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2020 seminar programme announced - 5 May - Save the date!

Posted: Wednesday, February 5th, 2020

We are delighted to announce that our 2020 annual seminar will take place on 5 May 2020 at Aston University School of Pharmacy. Save the date!

The programme will be:

Booking will be essential. We will send out further details soon.

First penalty for GDPR breach imposed on a pharmacy

Posted: Tuesday, December 31st, 2019

On 20 December 2019, the Information Commissioner’s Office ICO published its first financial penalty - £275,000 - for a breach of the General Data Protection Regulation (GDPR) that came into force across Europe on 25 May 2018. The penalty was imposed on a pharmacy, Doorstep Dispensaree Ltd (DDL).

The ICO had been informed by the MHRA that during an investigation the MHRA had found in a rear courtyard of DDL’s Edgware premises 47 unlocked crates, two disposal bags and a cardboard box full of documents – perhaps 500,000 - containing recent personal data that included names, addresses, dates of birth, NHS numbers, medical information and prescriptions. The data subjects were mainly patients in 78 care homes. The documents were not secure or marked “confidential”.

The ICO considered that personal data had been processed insecurely in a manner that breached GDPR. The ICO sent written questions to DDL, both informally and formally, but DDL did not co-operate with the ICO’s enquiries.  Amongst other things,

In deciding on the penalty, the ICO noted amongst other things:

DDL has a right of appeal to the First Tier Tribunal.

Legal challenge to accreditation of homeopathic practitioners

Posted: Wednesday, October 30th, 2019

Yesterday's newspapers carried the story that Sir Simon Stevens, the Chief Executive of NHS England, had written to the Professional Standards Authority about its decision to re-accredit the Society of Homeopaths.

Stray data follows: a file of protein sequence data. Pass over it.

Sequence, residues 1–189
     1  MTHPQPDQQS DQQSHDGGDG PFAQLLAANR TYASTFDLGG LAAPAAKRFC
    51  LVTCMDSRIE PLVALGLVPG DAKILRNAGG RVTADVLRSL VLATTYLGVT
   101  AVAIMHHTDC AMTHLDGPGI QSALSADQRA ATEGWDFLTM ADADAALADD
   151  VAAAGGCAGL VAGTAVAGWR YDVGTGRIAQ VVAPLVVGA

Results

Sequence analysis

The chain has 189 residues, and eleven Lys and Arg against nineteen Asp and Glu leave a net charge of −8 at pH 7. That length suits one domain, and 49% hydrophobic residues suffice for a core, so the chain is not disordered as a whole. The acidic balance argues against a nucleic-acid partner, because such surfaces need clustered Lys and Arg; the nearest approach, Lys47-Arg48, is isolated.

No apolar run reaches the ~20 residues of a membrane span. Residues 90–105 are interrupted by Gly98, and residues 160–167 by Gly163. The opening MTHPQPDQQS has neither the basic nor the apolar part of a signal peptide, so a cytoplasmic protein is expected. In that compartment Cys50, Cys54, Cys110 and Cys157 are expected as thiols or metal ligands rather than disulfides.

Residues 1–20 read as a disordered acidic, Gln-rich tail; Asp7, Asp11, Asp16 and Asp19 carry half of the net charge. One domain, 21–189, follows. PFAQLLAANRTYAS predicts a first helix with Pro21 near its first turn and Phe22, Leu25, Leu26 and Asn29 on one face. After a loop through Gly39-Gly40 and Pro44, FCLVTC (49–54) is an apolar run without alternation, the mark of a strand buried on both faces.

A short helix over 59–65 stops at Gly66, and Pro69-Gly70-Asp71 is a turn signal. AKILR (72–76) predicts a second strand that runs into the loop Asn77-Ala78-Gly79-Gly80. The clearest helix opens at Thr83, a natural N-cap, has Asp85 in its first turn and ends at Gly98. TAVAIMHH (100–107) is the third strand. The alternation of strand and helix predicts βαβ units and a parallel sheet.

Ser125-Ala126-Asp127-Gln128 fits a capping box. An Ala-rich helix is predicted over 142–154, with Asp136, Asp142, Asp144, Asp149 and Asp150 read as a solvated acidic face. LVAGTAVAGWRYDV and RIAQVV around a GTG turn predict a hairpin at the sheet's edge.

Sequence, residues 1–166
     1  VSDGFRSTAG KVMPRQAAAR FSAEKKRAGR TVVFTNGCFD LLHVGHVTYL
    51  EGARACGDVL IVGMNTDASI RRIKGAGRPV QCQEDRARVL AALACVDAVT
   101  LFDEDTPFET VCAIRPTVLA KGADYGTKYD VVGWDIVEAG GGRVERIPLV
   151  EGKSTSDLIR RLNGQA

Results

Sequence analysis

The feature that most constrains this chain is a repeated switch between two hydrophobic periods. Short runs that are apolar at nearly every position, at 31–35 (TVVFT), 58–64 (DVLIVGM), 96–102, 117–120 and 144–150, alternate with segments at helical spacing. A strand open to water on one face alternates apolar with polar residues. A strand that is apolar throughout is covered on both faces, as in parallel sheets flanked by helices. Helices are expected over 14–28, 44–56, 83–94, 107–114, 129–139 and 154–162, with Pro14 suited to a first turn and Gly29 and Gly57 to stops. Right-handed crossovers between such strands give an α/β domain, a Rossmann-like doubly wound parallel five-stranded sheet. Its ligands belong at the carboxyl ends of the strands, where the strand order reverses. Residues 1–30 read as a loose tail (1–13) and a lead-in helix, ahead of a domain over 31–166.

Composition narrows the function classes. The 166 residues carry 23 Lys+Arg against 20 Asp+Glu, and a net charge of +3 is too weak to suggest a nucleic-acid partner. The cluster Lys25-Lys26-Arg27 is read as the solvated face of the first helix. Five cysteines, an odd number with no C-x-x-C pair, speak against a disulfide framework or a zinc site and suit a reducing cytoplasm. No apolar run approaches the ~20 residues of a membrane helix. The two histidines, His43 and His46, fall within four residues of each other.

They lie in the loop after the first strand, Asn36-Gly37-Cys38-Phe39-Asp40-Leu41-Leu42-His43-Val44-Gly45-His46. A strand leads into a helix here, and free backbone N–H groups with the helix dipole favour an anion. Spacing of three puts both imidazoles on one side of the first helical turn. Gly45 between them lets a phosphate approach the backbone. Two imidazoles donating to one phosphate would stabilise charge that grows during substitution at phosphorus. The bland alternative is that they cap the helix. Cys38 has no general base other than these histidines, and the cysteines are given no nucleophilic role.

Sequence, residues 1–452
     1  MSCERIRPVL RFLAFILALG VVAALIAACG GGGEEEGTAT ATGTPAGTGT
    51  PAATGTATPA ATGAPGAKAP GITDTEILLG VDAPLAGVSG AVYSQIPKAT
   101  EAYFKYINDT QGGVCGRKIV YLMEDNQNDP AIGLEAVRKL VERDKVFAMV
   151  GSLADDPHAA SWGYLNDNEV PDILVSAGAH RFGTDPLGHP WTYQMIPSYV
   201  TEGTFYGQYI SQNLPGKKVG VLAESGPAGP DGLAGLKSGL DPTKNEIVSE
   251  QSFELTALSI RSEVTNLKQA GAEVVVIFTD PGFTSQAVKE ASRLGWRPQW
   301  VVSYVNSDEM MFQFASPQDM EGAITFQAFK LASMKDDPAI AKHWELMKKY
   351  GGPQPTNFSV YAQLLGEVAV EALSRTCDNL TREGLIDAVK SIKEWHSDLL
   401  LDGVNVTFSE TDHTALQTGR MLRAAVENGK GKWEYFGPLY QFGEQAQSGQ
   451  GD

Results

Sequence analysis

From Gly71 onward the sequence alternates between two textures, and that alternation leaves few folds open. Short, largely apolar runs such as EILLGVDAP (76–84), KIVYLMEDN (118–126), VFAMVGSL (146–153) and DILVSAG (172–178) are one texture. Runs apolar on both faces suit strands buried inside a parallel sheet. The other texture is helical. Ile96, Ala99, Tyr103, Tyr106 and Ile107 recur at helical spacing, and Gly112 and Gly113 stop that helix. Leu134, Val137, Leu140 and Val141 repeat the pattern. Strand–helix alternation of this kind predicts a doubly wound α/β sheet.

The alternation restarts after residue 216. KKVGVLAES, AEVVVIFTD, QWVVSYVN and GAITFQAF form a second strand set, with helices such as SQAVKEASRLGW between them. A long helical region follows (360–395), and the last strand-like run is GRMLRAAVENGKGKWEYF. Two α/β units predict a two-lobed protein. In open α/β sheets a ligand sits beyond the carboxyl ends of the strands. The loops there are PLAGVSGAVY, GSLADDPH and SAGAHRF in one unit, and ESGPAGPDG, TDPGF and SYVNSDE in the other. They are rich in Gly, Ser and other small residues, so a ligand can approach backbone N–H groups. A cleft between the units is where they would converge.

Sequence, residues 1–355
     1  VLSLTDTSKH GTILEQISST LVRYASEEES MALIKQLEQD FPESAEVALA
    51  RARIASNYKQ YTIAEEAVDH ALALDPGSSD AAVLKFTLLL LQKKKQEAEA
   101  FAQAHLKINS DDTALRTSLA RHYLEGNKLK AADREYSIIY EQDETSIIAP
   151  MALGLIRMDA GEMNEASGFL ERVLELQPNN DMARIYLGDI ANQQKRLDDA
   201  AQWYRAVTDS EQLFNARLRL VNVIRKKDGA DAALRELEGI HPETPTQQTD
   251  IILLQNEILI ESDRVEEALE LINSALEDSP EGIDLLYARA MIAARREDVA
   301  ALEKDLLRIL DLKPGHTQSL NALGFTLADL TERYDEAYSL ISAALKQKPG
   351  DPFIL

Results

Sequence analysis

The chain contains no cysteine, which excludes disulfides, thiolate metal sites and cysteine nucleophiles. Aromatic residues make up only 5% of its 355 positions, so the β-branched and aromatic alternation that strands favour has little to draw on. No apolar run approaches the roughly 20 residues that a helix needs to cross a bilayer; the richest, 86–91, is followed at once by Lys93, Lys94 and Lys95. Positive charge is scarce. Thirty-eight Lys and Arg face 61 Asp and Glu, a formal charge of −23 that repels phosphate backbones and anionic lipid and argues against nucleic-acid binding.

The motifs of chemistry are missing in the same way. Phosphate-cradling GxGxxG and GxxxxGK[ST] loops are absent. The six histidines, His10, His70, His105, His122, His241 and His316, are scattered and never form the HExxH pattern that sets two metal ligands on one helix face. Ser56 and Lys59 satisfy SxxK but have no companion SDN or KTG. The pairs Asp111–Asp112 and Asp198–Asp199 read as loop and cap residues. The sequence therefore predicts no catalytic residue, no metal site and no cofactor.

Under a scheme set up by the then Department of Health in 2014, the Professional Standards Authority for Health and Social Care (PSA) accredited a voluntary register maintained by the Society of Homeopaths. Homeopathic practitioners on the register can display a quality mark to signify that they meet the PSA’s standards. The accreditation is subject to annual review.

In April 2019, the PSA published its annual review for the year 2018/19. It renewed the accreditation and made a number of recommendations. As part of the review, audits of registrants’ websites were carried out. The audits focussed on registrants who practised CEASE (Complete Elimination of Autistic Spectrum Expression) therapy and/or vaccination-related therapy. CEASE therapy suggests that there is a direct link from vaccination and other conventional medicine to the causes of autism and other serious health conditions, and the CEASE website made claims that conflicted with the advice of the NHS and had the potential to cause harm if followed. 

The re-accreditation of the Society of Homeopaths by the PSA is currently the subject of a pending application for judicial review by the Good Thinking Society because the Society of Homeopaths’ register includes practitioners that offer and promote CEASE therapy. The Good Thinking Society argues that the PSA failed in its legal duty to consider the potential effects of its decision on disabled people, such as the autistic children at whom CEASE therapy is aimed.  It also argues that the decision to re-accredit, given what the PSA knew about CEASE therapy, was irrational. 



Passing off medicines and trade mark infringement - the colour purple

Posted: Thursday, October 17th, 2019